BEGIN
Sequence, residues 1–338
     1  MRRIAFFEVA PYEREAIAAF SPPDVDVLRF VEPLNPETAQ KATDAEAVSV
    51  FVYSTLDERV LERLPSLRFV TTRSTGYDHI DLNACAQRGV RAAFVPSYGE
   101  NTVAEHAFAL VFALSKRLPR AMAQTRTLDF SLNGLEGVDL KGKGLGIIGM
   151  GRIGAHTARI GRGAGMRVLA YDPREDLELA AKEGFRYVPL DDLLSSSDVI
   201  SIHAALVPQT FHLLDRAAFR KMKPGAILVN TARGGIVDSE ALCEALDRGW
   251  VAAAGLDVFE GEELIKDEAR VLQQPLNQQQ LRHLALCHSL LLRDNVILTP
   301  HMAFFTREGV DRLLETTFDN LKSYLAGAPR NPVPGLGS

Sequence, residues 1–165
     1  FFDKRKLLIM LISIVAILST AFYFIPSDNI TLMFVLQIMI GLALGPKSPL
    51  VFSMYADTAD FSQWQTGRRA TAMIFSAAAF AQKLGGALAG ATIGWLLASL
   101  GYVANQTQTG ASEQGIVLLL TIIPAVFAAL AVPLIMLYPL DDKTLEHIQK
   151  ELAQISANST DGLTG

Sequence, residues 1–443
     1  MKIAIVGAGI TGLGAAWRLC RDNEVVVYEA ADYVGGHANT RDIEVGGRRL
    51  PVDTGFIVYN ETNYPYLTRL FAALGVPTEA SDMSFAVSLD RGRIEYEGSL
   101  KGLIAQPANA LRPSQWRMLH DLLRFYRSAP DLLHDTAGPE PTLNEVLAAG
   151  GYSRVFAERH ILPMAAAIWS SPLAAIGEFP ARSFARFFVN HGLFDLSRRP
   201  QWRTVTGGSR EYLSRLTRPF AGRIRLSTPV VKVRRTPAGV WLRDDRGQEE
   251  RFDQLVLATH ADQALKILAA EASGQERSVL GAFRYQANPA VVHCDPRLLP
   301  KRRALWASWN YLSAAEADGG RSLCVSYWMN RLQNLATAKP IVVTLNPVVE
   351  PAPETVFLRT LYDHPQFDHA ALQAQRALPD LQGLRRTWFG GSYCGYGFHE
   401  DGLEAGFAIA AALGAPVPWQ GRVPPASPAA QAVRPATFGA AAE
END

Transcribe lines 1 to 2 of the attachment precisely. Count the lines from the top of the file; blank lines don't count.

Sequence, residues 1–338
     1  MRRIAFFEVA PYEREAIAAF SPPDVDVLRF VEPLNPETAQ KATDAEAVSV